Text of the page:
or sea gooseberries as they are also known, are one of the most beautiful
animals the ocean has to offer. They are not related to jellyfish but form
a group of their own: the Ctenophores.
The Ctenophore depicted in this article is
Pleurobrachia pileus. It grows not much bigger than two centimetres.
Therefore you can't really call it a microscopic organism. But it has many
features that are interesting to study under the microscope. Ctenophores
can be found in every ocean. Some even reach considerable sizes.
|The sea gooseberries
can be easily collected. They often swim close to the surface. With a little
net or even a glass jar they can be scooped from the water. When put in
a glass container they can be kept alive for many days.
One of the most obvious characteristics are
the locomotory organs, eight rows of comb-like structures that show irridescent
colours when they reflect direct sunlight.
They are real predators. With it's long tentacles
it captures food like copepods, the larvae of many organisms and other
small creatures floating in the plankton. It brings the food to it's mouth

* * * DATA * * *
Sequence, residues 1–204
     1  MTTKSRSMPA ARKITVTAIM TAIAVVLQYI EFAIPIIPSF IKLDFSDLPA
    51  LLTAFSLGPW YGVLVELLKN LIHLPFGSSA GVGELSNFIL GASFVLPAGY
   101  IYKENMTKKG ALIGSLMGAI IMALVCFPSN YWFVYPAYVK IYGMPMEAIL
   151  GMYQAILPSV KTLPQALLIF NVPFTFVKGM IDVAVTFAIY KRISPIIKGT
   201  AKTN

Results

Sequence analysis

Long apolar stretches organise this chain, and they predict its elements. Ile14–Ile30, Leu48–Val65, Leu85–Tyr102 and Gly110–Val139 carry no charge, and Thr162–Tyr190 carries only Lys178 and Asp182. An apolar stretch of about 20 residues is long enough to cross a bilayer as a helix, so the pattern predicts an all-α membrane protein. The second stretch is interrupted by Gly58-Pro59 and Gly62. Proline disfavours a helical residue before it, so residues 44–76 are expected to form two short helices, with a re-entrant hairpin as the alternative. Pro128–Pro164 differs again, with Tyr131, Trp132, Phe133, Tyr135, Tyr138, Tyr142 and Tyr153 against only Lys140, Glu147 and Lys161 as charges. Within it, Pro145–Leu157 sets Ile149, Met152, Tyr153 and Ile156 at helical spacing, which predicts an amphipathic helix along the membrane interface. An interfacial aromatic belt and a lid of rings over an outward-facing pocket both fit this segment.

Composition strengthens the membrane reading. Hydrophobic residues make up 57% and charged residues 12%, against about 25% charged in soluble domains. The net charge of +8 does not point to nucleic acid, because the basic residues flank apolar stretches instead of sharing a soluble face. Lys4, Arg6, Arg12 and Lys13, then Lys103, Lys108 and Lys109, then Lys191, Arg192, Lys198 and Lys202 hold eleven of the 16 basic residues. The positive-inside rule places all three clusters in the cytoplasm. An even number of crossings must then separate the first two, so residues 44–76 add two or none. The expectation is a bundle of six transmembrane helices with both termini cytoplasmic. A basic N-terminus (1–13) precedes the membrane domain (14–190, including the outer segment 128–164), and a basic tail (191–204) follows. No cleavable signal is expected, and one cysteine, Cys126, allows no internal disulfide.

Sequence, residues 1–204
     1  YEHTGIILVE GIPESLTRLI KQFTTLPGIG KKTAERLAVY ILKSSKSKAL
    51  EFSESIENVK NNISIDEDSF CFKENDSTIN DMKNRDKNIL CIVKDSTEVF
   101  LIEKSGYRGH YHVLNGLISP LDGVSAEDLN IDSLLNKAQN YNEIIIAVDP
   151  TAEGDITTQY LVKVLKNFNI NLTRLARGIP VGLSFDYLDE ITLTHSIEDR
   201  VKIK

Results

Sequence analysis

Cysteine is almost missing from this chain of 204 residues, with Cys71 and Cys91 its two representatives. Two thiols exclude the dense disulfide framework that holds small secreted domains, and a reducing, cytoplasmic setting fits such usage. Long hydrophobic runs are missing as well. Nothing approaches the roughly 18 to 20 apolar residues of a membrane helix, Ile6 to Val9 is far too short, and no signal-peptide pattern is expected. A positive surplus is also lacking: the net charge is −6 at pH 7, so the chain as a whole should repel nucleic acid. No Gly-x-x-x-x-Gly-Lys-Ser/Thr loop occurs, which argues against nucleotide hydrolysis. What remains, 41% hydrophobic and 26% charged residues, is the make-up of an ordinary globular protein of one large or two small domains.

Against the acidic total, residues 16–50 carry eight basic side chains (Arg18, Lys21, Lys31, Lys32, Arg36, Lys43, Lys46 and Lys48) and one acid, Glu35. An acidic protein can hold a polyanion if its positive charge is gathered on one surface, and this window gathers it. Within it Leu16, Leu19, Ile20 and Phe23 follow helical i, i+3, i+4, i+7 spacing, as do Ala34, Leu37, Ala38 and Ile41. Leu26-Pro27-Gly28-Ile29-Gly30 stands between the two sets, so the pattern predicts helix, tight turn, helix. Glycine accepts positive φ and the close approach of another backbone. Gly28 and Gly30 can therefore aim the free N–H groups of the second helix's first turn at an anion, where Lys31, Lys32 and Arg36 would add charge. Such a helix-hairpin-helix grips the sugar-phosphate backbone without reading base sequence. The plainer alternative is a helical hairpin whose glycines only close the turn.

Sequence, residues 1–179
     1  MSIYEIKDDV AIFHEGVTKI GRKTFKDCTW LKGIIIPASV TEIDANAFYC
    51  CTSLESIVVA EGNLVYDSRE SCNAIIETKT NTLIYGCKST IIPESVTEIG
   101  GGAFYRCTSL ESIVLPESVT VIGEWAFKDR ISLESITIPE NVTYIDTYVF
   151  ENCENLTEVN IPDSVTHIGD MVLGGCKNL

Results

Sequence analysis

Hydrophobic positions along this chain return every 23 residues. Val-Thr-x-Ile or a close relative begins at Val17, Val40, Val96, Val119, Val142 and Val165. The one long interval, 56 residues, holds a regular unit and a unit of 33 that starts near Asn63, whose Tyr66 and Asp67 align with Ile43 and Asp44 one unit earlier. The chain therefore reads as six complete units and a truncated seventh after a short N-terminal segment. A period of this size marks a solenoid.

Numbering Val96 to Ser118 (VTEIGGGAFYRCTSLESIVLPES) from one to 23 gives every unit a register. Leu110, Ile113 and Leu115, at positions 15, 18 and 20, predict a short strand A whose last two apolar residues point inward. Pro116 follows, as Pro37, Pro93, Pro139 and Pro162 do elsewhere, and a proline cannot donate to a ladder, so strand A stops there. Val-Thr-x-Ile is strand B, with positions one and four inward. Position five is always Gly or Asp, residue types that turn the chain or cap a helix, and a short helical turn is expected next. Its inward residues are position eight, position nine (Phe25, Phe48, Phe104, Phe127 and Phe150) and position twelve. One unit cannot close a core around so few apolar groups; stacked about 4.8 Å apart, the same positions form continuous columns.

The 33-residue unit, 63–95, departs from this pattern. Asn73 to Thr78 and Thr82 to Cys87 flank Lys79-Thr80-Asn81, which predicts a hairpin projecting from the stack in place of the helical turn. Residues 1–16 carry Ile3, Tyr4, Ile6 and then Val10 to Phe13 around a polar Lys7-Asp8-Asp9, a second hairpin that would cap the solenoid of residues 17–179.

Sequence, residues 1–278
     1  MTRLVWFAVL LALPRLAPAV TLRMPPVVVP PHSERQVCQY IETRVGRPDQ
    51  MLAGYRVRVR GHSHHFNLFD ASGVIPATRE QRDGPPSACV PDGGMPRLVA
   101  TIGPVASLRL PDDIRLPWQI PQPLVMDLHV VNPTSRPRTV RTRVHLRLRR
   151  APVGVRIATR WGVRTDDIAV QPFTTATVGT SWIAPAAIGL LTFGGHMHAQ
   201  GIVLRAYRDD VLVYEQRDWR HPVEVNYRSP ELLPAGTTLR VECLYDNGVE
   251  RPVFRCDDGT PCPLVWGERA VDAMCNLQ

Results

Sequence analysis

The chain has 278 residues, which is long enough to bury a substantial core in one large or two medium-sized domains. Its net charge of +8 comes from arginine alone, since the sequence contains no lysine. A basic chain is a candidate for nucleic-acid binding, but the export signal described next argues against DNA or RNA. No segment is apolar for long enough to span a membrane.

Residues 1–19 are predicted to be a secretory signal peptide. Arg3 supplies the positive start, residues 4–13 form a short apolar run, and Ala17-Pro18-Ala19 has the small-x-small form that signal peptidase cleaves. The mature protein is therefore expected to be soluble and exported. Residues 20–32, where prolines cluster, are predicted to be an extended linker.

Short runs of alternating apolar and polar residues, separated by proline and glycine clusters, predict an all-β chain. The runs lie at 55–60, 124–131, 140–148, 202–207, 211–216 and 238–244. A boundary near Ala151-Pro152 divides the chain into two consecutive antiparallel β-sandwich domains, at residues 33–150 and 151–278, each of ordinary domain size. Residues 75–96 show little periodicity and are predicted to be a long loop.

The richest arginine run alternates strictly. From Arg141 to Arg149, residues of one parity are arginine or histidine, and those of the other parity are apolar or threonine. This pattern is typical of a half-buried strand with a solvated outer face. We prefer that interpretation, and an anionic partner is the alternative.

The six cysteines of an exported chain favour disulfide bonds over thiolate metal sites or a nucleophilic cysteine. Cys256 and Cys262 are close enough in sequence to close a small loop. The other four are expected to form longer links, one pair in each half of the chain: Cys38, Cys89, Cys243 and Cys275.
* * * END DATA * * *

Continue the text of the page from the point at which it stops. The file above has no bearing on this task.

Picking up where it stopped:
which is shown in the pictures at the head of this article. Most textbooks
however show the organism with it's mouth facing downward. I always see
them with the tentacles pointing down.
One row of combs under the microscope.
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|When I was recently
studying some plankton samples I saw this very tiny egg. It was no more
than half a millimetre but to my surprise contained a larva of a ctenophore.
All body organs were already there. Also the comb plates can be seen. I
didn't see eight as in the adult but four. Even the tentacles are visible.
(This larval development is so different from that of jellyfish that it
is clear that they are not closely related animals)
Most striking is the aboral sense organ.
In the pictures of the adult organism it is difficult to see because it
is so small compared to the size of the animal. The picture of the larva
clearly shows the sense organ. A small dome contains a little round structure
that is connected to the eight combs. With this the organism can control
it's position in the water.
This picture was taken with oblique
illumination to give some contrast to the very transparent organism.
By adding a few dots of vaseline under each corner of the coverslip I prevented
the egg capsule from being squashed by it. Because of the shallow depth
of field you see only a circle of what is in fact a perfect sphere.
Footnote: Thank you to Claudia Mills
for kindly telling us the species name of the Pleurobrachia
above. Visit Claudia's web page on Ctenophores at http://weber.u.washington.edu/~cemills/Ctenophores.html
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